That night I slept uneasily. Not only was it warmer than I was used to at this point, but I kept hearing rocks move around us. Thoughts of a rock slide danced around my head just as much as the thought of the elusive puma since we had seen guanacos high in the mountain sides that day. Surely guanacos only moved around during the daylight? A puma wouldn’t come near us!….Right? I simply didn’t make my usual midnight pee and hoped that there were no rock slides.
Morning came and we stared down our ‘Wall of Destiny’. The rule was that we wouldn’t get to a point where we didn’t think we could get down and to use sound judgment. The first move was to traverse a line up as much as we could, keeping out of each other’s fall lines and making our way towards some solid rock that jutted out of the scree around it. Upon reaching that we began our plan of using the rock as a solid hold to move up to the top of the wall. Under our feet the rocks slid and often times we would have to regain our footing just standing and waiting for the next move to be made.
Slowly, we made our way up with Cullen route-finding. This was on the verge of class V rock climbing and we were doing it without any form of protection and a steep drop down loose rock below us. My pack unbalanced me, and my feet having gotten used to the weight and stability of plastic mountaineering boots didn’t like how much movement by hiking boots gave them. Stopped just below the edge, Emily, our group leader, sends Cullen over the side to check and see if continuing is plausible or if we need to attempt to go back down. He disappears over the top and we are quiet for a moment. The wind is strong up here, catching the bulk of my pack and unbalancing me more. My hands against the rock are freezing and the light layer of hiking clothing I’m wearing is not enough. I dressed for movement this morning, right now I wish I had my fleece.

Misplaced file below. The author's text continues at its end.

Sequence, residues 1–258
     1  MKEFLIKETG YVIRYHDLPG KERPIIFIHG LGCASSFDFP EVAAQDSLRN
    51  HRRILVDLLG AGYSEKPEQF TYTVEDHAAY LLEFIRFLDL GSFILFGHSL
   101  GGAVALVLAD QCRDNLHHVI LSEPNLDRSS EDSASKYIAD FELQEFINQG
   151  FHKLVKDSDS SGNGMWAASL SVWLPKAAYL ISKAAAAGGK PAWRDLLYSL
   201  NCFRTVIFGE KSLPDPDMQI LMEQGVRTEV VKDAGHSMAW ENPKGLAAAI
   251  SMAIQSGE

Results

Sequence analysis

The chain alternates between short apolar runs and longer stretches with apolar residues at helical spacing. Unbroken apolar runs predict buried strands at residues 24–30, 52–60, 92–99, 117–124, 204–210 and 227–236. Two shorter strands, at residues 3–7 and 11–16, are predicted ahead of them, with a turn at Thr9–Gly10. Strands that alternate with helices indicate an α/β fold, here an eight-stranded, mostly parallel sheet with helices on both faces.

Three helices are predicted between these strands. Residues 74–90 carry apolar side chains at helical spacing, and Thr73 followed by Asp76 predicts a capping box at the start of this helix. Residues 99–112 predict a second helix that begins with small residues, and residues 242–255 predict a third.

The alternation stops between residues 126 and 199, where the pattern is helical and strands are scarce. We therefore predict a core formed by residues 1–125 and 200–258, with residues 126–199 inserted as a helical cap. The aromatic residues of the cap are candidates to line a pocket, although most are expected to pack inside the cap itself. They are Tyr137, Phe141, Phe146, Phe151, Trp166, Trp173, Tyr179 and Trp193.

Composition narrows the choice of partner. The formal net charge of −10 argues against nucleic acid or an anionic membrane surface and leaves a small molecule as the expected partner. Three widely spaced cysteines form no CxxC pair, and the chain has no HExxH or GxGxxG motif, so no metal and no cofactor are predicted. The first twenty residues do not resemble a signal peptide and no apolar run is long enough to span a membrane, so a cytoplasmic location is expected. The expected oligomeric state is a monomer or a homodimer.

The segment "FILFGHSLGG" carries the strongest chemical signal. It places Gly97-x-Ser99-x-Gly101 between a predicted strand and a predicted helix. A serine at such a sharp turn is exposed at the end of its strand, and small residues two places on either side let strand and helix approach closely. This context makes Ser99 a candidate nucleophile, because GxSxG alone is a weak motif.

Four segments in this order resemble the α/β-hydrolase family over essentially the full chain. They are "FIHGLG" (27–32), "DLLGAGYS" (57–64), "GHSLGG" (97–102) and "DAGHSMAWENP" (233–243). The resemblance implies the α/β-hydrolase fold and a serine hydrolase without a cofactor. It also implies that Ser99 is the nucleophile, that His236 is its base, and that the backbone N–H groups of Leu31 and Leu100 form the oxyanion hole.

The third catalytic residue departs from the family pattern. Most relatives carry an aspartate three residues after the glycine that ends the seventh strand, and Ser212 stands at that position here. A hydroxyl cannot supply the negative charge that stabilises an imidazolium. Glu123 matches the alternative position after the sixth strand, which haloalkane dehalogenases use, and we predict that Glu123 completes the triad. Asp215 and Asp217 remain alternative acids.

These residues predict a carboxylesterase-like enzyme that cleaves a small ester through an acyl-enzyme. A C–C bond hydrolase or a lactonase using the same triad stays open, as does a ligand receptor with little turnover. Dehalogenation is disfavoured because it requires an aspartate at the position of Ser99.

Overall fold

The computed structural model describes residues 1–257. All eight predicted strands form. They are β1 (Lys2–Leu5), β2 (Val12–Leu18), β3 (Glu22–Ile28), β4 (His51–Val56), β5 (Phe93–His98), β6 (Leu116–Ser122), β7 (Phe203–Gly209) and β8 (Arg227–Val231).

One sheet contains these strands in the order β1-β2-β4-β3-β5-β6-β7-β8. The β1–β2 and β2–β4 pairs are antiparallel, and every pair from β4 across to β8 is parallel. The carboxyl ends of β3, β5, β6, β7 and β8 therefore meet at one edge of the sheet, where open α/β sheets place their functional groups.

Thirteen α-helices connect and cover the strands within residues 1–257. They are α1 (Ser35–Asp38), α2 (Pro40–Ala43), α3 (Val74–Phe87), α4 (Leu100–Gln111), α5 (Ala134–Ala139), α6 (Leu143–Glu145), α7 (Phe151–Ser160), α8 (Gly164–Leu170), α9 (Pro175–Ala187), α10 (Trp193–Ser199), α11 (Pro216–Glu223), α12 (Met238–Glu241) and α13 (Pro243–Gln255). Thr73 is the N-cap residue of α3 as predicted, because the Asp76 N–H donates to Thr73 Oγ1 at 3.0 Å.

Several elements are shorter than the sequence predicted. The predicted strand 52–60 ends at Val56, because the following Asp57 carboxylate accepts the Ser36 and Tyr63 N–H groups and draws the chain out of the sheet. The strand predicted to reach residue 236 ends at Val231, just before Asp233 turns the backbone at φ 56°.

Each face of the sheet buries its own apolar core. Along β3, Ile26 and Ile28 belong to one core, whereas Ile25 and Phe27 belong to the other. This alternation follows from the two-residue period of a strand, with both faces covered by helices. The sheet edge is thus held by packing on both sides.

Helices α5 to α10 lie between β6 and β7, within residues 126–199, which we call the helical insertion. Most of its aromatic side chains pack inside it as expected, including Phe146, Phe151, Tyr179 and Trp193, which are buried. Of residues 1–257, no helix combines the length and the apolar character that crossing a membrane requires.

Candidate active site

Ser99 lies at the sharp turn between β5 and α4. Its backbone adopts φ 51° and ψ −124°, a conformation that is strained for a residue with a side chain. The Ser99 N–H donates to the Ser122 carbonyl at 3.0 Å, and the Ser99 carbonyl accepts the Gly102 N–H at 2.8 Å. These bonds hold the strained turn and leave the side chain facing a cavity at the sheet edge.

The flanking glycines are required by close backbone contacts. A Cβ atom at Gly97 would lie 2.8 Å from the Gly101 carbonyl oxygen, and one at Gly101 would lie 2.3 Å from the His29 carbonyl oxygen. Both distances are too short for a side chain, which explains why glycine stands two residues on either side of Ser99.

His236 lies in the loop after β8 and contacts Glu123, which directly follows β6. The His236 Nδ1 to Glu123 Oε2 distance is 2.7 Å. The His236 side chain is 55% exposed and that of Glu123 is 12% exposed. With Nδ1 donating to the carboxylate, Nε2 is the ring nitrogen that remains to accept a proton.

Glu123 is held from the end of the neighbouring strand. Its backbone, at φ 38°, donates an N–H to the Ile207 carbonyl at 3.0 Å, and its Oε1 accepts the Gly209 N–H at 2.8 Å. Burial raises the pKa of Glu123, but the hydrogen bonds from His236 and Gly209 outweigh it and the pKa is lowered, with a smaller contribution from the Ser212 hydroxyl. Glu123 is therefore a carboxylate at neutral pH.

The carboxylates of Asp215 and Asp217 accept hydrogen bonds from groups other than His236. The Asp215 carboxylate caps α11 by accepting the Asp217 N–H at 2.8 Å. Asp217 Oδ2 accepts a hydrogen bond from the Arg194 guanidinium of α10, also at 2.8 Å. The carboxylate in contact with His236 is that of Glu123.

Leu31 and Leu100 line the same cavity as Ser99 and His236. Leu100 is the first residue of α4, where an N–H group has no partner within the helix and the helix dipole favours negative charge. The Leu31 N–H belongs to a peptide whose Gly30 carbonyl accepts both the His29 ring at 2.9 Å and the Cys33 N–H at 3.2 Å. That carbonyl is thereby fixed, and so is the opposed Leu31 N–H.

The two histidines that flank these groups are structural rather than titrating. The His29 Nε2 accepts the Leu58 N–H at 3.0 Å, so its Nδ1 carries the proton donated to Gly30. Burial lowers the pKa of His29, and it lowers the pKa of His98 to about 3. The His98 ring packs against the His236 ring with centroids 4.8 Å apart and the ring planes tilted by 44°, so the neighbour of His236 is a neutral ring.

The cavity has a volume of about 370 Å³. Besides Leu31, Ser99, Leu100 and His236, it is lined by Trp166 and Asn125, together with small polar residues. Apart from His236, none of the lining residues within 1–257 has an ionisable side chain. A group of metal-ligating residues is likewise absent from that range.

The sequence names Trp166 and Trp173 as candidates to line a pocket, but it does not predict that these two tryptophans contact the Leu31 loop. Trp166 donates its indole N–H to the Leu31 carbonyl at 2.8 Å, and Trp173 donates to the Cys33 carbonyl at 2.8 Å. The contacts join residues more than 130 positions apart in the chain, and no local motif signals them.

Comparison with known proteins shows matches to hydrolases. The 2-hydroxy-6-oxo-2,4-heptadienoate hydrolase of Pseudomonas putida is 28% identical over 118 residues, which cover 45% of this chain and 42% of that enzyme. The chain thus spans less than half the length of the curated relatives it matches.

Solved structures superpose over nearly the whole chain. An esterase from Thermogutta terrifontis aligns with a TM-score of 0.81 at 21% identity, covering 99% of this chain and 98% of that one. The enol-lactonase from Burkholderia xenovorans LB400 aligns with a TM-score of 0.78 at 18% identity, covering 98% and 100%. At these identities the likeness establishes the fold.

Suddenly, Cullen’s head pops up over the rock. “There’s a lake up here!” he says,
“What?” we all ask,
“Yeah, a really big one! Come on up!” he disappears again and we all look at each other; Sara shrugs and we finish making our way over the tricky section of rock and find ourselves in a smaller cup of rock on top of the saddle. There is indeed a very large lake.